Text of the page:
Over the last few years “alarm bells started going off,” Morbidelli recalls, prompting the researchers to consider a new model. Their latest proposal provides a sweeping new view about planet formation in the inner solar system as well as a new solution to the puzzle of how Earth got its water.

The stage was set when Brad Hansen of the University of California, Los Angeles began exploring a scenario in which the inner solar system’s planets coalesced from material confined to a width 0.7 to 1.0 times Earth’s distance from the sun, a much narrower disk than normally considered. His simulations with that narrowed disk produced a set of planets similar to the terrestrial orbs, including a properly lightweight Mars, he reported in 2009 in the Astrophysical Journal.

Hansen didn’t know why the planet-forming disk would be so narrow. But Morbidelli and his collaborators, including Kevin Walsh of the Southwest Research Institute in Boulder, Colo., David O’Brien of the Planetary Science Institute in Tucson, and Sean Raymond of the Laboratoire d’Astrophysique de Bordeaux in France, thought Jupiter’s movement could be the culprit.

The team’s new model begins after the gaseous Jupiter was fully formed, a scant few million years after the birth of the solar system. The inner planets — Mercury, Venus, Earth and Mars — had just started to coalesce from bits of cosmic dust. The asteroid belt, which now lies between the orbits of Mars and Jupiter and marks the transition to the outer solar system, was a much denser jumble of rocks and dust than it is today, and Jupiter’s outlying sister planet, Saturn, had yet to reach full size.

As the gas from the planet-forming disk spiraled into the sun, the researchers propose, Jupiter was dragged along, plowing through and emptying the asteroid belt and entering the inner solar system. The combination of Jupiter’s heft and motion opened up a gap in the inner part of the planet-forming disk, effectively narrowing it just as Hansen required to make a svelte Mars, Walsh reported in October in Pasadena, Calif., at a meeting of the American Astronomical Society’s Division for Planetary Sciences (SN Online: 10/4/10).

Jupiter’s proposed motion may also have played a crucial role in delivering water to Earth, O’Brien noted at the meeting. In the new scheme, gravitational interactions with Saturn, which trailed its big brother in migrating inward, caused Jupiter to stop in its tracks about where Mars now resides and then reverse direction.

As Jupiter and Saturn traveled outward, they moved farther than ever into the frigid outer region of the solar system (though not as far out as the reservoirs of bodies that would become comets). There Jupiter and Saturn encountered an icier, water-rich population of bodies. The duo would have scattered some of this icy material into the outer part of the asteroid belt. More important for Earth, Jupiter and Saturn’s foray would have placed icy outer solar system material on elongated orbits aimed into the inner solar system. Some of the material headed inward would have bashed into Earth, baptizing the planet with water.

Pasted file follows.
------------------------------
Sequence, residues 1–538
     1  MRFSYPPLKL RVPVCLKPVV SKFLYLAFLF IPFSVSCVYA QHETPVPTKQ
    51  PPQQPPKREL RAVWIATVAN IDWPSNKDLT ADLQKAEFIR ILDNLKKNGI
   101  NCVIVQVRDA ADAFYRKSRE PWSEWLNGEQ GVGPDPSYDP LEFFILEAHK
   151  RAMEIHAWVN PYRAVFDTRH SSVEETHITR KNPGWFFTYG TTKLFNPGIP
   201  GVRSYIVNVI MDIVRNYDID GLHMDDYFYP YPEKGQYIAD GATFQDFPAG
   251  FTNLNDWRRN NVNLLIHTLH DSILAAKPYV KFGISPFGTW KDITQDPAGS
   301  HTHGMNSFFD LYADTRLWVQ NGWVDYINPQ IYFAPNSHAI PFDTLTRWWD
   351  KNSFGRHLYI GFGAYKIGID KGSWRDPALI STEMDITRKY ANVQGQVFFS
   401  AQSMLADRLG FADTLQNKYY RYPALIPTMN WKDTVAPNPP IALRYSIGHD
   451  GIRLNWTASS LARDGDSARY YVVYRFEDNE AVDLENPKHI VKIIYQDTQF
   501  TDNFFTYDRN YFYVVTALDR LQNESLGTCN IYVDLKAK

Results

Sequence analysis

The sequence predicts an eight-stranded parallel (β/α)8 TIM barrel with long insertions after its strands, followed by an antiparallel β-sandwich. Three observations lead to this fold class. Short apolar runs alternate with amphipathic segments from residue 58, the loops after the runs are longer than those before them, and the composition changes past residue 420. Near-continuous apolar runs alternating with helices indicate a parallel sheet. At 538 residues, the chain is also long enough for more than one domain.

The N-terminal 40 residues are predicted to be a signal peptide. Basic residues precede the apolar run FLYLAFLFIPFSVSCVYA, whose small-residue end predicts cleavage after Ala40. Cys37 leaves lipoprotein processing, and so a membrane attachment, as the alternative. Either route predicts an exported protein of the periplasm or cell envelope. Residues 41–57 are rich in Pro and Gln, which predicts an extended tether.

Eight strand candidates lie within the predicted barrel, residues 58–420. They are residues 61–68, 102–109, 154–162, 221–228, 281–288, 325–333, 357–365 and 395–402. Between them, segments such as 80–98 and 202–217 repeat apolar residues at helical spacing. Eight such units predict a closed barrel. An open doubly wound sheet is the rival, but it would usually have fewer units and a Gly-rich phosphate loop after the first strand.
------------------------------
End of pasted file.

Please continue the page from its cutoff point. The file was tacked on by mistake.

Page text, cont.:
So as Morbidelli and colleagues now envision it, Earth’s water didn’t come from the asteroid belt. Instead, water-rich objects that smacked into Earth and the objects now in the outer part of the belt came from denizens of the outer solar system flung inward by gravitational encounters with Jupiter and Saturn.

Two recent findings may dovetail with this new model. Until about a year ago, no one had found evidence of ice on an asteroid’s surface.  At the Pasadena meeting, Humberto Campins of the University of Central Florida in Orlando announced the discovery of frozen water on the surface of outer asteroid 65 Cybele. His team and others had previously reported the detection of ice on another outer-belt rock called 24 Themis, the first discovery of ice on one of these space rocks (SN: 11/7/09, p. 9).

Those discoveries can be consistent with the new model by Morbidelli and his collaborators, Campins says. Water would be delivered to such asteroids just as it was delivered to Earth.

“Work like this is overdue, and I’m excited to see where these ideas lead,” says Fred Ciesla, a theorist at the University of Chicago. The migrating Jupiter model “makes our lives more difficult,” he says, because it may force scientists to rethink their ideas on the possible sources of water for the inner solar system and the conditions that the fledgling planets were exposed to. “However, as the authors state, our old ideas weren’t working, so maybe we do have to start over to some degree,” Ciesla notes.

A watery birth

But for other researchers, starting over means that Earth got its water from the very start. “For 30-odd years, I taught my students that Earth got its water from comets or wet asteroids,” says the University of Arizona’s Drake. He stopped being a true believer a decade ago.

That’s when studies began revealing that comets contain too much deuterium, a heavy form of hydrogen, relative to the amount of ordinary hydrogen. Comets have about twice the ratio of deuterium to hydrogen found in terrestrial oceans. And asteroids, Drake and some others argue, don’t have the right isotopic abundances of certain noble gases, such as xenon, to match Earth’s waters.